Is the Nebra Sky Disc a millennium younger than we thought?

Analysis by German archaeologists suggests that the piece was not part of the Bronze-Age hoard looted in 1999

Early picture of the Nebra Sky Disk, around January 2002. This is one of the few photographs showing the condition of the sky disc before it was taken over by the Landesmuseum Halle and before the conservation work carried out there. Important are the traces of corrosion, which are still easily recognisable here Photo: Hildegard Burri-Bayer

The Nebra Sky Disc, the world’s oldest known depiction of the cosmos, might not be as old as previously thought. The disc was discovered during an illegal excavation in 1999 and is regarded as one of Germany’s most significant archaeological finds. The looters said that they had unearthed the disc at a hill fort called the Mittelberg, near Nebra in Germany, along with various other artefacts, including swords, axes and bracelets. Experts dated these objects to around 1600BC— in the Early Bronze Age— and assigned the disc the same date because it was found alongside them.

Now, Rupert Gebhard, the director of the Bavarian State Archaeological Collection in Munich, and Rüdiger Krause, the professor for prehistory and early European history at Goethe University Frankfurt, have questioned whether the disc dates to the same period as the other artefacts. Writing in the journal Archäologische Informationen, the archaeologists re-evaluated previous research, including the results of soil studies and geochemical analyses of the artefacts’ metals, and what was known about the Mittelberg site.

Further early pictures of the Nebra Sky Disk and the find complex. Above: The Nebra Sky Disc. Below: Bronze Age swords, axes and arm jewelry, allegedly found together with the Nebra Sky Disk Photo: Hildegard Burri-Bayer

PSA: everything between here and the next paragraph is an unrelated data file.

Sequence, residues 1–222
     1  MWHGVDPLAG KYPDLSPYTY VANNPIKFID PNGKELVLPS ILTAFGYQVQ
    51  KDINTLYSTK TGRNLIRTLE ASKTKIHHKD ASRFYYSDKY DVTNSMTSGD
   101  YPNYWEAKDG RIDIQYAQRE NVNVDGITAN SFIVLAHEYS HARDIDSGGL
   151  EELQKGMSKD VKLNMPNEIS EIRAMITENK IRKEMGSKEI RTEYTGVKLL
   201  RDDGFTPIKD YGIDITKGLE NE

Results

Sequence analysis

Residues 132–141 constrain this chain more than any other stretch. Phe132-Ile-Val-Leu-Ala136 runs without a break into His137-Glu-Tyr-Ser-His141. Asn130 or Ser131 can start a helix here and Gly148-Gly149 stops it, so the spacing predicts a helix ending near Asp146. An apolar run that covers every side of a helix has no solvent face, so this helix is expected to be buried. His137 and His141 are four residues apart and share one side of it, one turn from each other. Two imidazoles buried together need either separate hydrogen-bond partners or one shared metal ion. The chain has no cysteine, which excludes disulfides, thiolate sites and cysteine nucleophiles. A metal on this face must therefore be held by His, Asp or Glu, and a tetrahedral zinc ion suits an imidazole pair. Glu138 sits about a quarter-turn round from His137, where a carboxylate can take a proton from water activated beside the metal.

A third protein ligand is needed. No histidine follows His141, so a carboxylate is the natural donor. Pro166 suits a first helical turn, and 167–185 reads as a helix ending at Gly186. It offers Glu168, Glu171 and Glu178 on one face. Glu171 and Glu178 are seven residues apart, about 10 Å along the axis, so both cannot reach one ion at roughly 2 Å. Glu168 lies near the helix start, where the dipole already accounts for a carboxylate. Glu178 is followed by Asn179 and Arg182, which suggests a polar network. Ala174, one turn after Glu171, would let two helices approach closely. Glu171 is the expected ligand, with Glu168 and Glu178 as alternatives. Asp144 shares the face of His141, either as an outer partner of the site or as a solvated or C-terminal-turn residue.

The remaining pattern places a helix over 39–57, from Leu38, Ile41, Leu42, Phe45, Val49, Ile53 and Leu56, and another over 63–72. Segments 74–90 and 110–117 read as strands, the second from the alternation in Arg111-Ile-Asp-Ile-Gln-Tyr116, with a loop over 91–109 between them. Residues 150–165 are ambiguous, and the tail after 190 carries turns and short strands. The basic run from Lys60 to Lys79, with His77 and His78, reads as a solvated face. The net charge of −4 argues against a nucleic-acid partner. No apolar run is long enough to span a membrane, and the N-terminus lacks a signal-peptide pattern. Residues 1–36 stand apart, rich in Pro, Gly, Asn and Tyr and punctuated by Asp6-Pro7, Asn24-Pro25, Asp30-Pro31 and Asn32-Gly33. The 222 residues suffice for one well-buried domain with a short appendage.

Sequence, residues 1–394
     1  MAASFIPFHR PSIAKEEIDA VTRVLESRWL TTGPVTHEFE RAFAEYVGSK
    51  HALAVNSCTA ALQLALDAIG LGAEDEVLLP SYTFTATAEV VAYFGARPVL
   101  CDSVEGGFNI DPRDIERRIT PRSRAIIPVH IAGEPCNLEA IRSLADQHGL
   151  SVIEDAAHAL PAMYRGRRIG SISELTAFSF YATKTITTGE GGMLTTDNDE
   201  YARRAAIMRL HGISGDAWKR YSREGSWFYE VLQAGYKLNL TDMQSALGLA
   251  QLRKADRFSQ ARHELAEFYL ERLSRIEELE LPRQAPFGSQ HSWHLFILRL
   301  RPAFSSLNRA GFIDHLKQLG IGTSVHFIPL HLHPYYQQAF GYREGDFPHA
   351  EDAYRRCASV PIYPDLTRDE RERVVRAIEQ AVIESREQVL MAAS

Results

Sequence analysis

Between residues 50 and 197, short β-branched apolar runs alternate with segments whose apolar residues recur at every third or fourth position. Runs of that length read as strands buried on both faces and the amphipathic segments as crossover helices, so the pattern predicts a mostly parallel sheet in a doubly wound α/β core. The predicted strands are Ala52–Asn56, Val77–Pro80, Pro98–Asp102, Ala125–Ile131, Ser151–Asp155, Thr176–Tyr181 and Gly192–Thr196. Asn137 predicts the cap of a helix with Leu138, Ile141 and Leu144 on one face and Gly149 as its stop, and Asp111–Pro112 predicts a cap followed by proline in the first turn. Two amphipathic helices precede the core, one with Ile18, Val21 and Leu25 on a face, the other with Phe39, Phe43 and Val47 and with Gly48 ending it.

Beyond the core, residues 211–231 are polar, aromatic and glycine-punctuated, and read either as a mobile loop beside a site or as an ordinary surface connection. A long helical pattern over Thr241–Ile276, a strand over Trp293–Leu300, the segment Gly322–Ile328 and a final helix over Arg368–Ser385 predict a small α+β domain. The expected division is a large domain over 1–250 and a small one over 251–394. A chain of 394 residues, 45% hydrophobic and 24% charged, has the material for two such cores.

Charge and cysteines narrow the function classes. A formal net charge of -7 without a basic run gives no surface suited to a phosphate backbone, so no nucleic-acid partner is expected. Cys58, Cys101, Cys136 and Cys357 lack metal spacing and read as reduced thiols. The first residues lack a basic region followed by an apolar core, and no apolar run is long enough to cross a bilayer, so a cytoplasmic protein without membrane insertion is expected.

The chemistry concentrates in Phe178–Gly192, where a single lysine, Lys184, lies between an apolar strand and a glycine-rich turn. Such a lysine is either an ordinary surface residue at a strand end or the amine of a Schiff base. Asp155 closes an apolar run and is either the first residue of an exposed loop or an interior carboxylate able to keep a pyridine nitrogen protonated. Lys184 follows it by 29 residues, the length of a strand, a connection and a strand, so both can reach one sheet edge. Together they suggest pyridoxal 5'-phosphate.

“Our conclusion is that the disc very probably was not found by the looters on the Mittelberg, but somewhere else,” Krause says. “The second conclusion is that the swords and the other bronze artefacts were not found together with the disc. That means it was not a hoard. As a consequence, the disc cannot be dated to the Bronze Age, but has to be assessed as a single find.”

Gebhard and Krause also studied the disc’s decorative motifs, which include a crescent moon, a full moon or sun, stars and a sky ship, and found no similar symbols on artefacts from the Early Bronze Age. “According to the iconography we are dating the disc now to the younger Iron Age, that means around 500-50BC, says Krause.” This makes it more than 1,000 years younger than previous estimations.

Early Celtic iron sword from the 5th century BC from Munich-Allach with inlaid gold sheets representing the crescent moon, full moon and five stars Photo: State Archaeological Collection Munich, Manfred Eberlein

“The disc no longer has any meaning for the Early Bronze Age,” Krause adds. “We have to start thinking of a new meaning of the disc for the Iron Age, which will be very different and more general in the cultural context.”

The researchers’ arguments have received a rebuttal from the State Museum of Prehistory in Halle, where the Nebra Sky Disc is kept. In a press release, the museum says that Gebhard and Krause “not only ignore the abundance of published research results in recent years, their various arguments also are easily refuted”. The museum also says that the researchers’ reassessment of the soil studies and geochemical analyses are “demonstrably incorrect”.

The Nebra Sky Disc was inscribed in Unesco’s Memory of the World register in 2013. In 2019, the disc received renewed media attention after it was announced that it would be loaned to the British Museum for an exhibition centred on the artefact and its history.